Next band on the Basement Stage is Nottingham’s own X-Rays who’ve not played together for about 10 years. With Guitarist Greg tuning up and the band handing each other cans of Carlsberg, it’s hardly an auspicious start and I half want to go upstairs and watch the brilliantly named Sontaran Experiment, but when X-Rays finally get started it’s worth the crowd-teasing wait. Their set sticks to their well-tried-and-tested formula of Keith Morris-era Black Flag, and the crowd stick to their equally-well-tried-and-tested formula taunts of “You fat bastard”. Even if the X-Rays are all men of a certain age now, they wind the clocks back.

Sigirya are made up of ex-members of Acrimony including Stuart O’Hara who played with Iron Monkey. They take their name from the Lion Rock site in Sri Lanka, and I’m still not sure exactly how to pronounce their name. They’ve got a meaner sound than their predecessors Acrimony, Mountain Goat and Deathrip are based round heavy riffs and solos. There are a lot of references to drinking and a couple of bottles of wine passed round during Sigirya’s set. They’re excellent and I just manage to get the whole set in before legging it downstairs to catch the bands made up of ex-members of Durham based, Vorhees.

The “official” running order lists Break It Up and a mystery set. Break It Up are no slouch, but when Vorhees singer Ian Leck joins them the energy goes up a level. Vorhees toured Europe, The UK and USA solidly between 1999 and 2001, releasing hardcore classics like Spilling Blood For No Reason and Crystal Lakes Legacy, as well as getting John Peel’s seal of approval by recording a Session in the mid 90’s. Since their split the band get together for rare one off shows like tonight. The set delivers tracks from the whole of their career and draws heavily from the Spilling Blood album.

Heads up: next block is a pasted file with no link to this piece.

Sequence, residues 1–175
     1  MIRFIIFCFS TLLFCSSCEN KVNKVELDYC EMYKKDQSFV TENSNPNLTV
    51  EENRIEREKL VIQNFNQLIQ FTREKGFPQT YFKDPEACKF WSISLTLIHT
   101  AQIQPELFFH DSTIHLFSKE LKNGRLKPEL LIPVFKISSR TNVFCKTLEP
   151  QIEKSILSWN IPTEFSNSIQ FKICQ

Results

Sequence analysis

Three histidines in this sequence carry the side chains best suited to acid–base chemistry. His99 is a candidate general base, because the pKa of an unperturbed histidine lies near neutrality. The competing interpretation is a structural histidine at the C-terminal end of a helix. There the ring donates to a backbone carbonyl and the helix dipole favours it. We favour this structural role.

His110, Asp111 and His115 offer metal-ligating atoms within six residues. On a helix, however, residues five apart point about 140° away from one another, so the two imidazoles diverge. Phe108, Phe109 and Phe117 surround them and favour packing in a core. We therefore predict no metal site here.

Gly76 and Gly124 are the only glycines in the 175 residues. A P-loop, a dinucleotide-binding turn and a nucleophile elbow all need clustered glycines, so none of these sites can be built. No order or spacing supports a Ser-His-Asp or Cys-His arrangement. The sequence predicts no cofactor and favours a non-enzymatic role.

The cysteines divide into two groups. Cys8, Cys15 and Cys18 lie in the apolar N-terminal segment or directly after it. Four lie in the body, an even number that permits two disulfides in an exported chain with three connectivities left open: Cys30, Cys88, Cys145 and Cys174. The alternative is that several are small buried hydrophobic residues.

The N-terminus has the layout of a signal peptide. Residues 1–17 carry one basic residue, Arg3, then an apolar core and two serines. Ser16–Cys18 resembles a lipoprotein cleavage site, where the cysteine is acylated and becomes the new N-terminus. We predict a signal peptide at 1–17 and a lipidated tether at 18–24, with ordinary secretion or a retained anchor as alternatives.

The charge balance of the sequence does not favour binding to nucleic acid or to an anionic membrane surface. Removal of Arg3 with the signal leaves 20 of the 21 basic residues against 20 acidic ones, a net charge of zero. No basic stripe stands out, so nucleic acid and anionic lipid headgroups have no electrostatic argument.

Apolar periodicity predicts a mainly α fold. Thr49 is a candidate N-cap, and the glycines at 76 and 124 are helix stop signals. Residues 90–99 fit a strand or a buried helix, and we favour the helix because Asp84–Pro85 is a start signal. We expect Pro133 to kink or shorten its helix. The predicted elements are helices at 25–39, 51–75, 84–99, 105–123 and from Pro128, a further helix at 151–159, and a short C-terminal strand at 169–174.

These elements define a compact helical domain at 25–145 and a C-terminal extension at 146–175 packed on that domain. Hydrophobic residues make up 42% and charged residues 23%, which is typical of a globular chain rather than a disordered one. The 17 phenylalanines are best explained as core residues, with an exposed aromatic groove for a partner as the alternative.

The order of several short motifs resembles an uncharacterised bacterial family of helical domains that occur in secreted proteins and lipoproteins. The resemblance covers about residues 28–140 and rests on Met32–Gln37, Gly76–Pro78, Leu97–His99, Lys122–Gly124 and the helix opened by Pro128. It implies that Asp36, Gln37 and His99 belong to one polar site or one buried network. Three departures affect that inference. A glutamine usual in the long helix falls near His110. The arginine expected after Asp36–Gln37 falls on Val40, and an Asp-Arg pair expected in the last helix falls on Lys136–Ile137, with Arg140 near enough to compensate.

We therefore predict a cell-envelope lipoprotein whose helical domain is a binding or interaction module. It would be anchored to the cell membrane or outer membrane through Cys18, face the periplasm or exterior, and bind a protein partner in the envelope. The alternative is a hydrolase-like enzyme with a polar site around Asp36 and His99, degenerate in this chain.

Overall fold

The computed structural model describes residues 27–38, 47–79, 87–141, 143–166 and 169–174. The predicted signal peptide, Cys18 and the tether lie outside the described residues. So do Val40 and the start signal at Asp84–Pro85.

Another of John Peel’s favourites headlines the Basement Stage. Since their first assault on the crusty punk scene between 1987 and 1990, Doom have developed a “complicated” family tree with members leaving, returning, starting other bands, and changing role with dizzying regularity. Tonight Doom are Bri Doom on guitar, Stick playing drums, Dennis Boardman singing and Scoot on bass. They stick to what they’re best known for, fast heavy songs with political lyrics played with a commitment and intensity that few match. Doom is the band who out-discharge Discharge. Their 1986 song from which Police Bastard took their name and a cover of Black Sabbath’s ‘Symptom Of The Universe’ are the high points of a passionate set from a band that is clearly still pissed off about the way the world is.

Orange Goblin seems to get further away from their stoner roots with every album they release and Eulogy for the Damned is their most mainstream metal sounding album to date. Ben Ward seemed to be “tired and emotional” during the set. Orange Goblin dabbl`e in the southern rock sound of later Deliverance-era Corrosion Of Conformity without the hardcore punk heritage and edge to what they do. It’s a bit sad because Frequencies From Planet 10 is up there as a stoner/doom rock classic alongside Kyuss’ Sky Valley.

It’s easy to review bands who don’t really give a shit about you. Johnny was a good guy; as Ian from Vorhees said, an “animal on stage and a gentleman off it.” Iron Monkey was a great band that was always creatively challenging and highly influential. Most of the tonight’s acts will have been heading home to start their day jobs on Monday morning as no one will have had the 4 Star luxury and limos that most people associate with touring bands. That makes the commitment shown to celebrating the life of John Paul Morrow all the more touching. People have really put themselves out to play this show, coming to Nottingham from as far afield as Leeds, Cardiff, Durham, Middlesbrough, London and a flight in from the USA. It feels like friends getting together to remember a talent who’s no longer with us and Johnny is a big miss still.